influence the next election by stifling the same conservative speech that
caused the IRS controversy in the first place.
“That's why the proposed
rules were rushed through,” Mitchell said. “The objective is to get the rules
in place before the 2014 election.”
business appears to be getting back to normal in the Exempt Organizations unit
at the IRS, Owens said there are lingering concerns. One of them is the
approach that will be taken toward tax administration going forward.
“What we are missing is the annual work plan,” he said. That document
traditionally outlines the exempt unit's plans for guidance and enforcement
projects for the upcoming year.
Nothing has been forthcoming from the
acting managers on how the laws are to be enforced for tax exempts, Owens said.
All the pronouncements to date have addressed the Section 501(c)(4)
applications, with the exception of several revenue procedures.
will be watching to see what signals the newcomers send on what they are going
to do,” he said.
In other areas, Woods said
the rules she is most anxious to see completed are those relating to
Donor-advised funds, tax code Section 501(c)(3)s,
allow the donor to advise the sponsoring organization where the money should
go. The IRS has expressed concerns that some donor-advised funds may be used to
create questionable charitable deductions, as well as impermissible
tax-sheltered investment income for donors and their families.
Donor-advised funds are a growing part of the exempt organizations landscape,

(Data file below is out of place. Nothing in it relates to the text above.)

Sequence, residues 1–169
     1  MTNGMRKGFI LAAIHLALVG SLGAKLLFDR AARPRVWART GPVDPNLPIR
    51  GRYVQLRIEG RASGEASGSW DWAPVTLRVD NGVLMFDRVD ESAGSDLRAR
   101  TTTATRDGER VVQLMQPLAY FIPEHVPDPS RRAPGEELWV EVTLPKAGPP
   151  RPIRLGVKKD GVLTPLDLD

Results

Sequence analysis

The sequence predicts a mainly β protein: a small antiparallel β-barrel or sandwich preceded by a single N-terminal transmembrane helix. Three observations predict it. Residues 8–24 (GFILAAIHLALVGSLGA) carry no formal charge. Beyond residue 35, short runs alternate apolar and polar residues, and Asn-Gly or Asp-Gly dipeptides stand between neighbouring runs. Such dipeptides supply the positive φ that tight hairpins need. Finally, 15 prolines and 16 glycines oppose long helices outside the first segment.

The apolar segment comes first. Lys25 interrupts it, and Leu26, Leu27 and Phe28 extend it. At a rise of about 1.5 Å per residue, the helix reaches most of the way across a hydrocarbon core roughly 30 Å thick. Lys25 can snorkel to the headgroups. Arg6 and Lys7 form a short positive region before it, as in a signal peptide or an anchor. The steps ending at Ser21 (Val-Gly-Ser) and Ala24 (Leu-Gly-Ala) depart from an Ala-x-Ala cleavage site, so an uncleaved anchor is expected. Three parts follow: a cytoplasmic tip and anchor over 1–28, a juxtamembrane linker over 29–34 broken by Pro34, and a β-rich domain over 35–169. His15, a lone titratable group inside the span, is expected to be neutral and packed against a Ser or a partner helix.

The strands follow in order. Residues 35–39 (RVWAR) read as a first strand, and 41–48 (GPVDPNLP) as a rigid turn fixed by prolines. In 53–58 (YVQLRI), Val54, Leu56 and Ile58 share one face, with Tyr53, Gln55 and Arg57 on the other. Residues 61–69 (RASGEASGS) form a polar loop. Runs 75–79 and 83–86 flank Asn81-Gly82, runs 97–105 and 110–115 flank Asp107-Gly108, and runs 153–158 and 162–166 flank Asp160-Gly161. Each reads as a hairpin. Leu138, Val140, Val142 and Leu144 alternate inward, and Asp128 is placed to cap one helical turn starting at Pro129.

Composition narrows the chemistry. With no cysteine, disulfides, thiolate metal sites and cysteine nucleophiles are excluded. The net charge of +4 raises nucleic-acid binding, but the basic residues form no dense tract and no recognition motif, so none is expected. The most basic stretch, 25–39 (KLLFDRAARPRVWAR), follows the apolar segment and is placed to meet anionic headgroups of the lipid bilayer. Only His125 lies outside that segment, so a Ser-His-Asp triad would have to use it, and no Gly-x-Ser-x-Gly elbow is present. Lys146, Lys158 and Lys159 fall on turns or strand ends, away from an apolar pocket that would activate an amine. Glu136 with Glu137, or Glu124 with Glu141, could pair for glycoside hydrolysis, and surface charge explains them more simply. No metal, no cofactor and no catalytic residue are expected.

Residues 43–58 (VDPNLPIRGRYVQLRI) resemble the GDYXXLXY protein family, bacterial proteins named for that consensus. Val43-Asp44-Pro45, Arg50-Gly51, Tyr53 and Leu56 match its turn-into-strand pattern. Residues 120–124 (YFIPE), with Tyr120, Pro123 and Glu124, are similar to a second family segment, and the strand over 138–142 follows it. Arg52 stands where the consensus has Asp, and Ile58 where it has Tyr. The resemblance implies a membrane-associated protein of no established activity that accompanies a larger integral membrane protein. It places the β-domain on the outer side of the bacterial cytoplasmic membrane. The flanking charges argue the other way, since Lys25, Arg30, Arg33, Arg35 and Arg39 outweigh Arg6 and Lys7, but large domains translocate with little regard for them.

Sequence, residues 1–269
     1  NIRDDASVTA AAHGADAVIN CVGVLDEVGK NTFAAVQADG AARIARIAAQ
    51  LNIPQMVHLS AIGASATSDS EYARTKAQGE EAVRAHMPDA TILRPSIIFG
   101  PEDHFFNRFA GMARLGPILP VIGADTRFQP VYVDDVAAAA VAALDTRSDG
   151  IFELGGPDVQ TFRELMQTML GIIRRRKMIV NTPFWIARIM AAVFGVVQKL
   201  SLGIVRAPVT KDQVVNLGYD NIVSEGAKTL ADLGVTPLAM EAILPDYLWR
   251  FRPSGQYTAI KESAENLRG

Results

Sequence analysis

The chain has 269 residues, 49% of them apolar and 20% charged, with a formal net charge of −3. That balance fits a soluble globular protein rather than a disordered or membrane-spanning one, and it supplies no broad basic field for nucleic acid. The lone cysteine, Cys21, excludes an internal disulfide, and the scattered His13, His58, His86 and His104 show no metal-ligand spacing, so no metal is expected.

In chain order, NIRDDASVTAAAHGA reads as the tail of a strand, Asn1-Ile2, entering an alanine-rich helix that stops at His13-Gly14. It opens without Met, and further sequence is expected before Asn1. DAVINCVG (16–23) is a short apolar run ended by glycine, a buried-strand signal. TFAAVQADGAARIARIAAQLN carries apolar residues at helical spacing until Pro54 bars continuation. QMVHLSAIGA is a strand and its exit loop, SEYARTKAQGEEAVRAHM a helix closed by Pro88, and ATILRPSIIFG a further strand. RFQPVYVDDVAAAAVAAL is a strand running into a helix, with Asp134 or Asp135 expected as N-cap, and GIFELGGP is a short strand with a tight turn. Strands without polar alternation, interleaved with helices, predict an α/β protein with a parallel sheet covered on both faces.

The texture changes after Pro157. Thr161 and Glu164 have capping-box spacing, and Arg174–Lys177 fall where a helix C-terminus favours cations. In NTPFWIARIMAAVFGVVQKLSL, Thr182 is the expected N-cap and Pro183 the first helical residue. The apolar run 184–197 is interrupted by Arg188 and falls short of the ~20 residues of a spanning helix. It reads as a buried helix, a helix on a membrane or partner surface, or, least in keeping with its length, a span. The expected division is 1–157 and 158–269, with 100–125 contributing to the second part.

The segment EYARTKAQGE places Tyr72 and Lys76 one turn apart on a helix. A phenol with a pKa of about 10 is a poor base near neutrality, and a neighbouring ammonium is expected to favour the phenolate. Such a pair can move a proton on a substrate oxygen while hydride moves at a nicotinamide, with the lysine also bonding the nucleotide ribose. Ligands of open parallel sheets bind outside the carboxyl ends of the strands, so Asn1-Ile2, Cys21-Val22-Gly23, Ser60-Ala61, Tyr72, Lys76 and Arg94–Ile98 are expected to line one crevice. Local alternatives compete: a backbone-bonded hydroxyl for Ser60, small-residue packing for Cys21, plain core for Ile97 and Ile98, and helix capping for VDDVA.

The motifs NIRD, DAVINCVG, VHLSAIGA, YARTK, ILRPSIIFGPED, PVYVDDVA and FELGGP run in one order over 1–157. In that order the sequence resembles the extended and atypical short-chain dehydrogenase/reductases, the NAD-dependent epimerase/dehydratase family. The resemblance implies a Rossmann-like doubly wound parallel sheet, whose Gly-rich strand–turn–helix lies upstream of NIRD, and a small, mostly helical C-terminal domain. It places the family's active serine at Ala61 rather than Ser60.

Woods said, with $45 billion in assets. “Some of the biggest charities in
America are donor-advised fund sponsors and we had quite sweeping statutory
change in the area in 2006, yet we still do not even have proposed
regulations,” she said.
According to Treasury Department officials,
these rules will be a long time coming, as other projects bump them aside.
The project that is new on the priority guidance plan for 2014 is guidance
under Section 4941 on private foundations investing in partnerships in
situations where disqualified persons are also investors. This is an
increasingly common fact pattern, Woods said, where families, and sometimes
corporations, are investing in the same hedge fund with private foundations.
Woods said there are inconsistent rulings on when that is a self-dealing
transaction, and more guidance is needed.
To contact the
reporter on this story: Diane Freda in Washington at firstname.lastname@example.org
To contact the editor responsible
for this story: Cheryl Saenz at email@example.com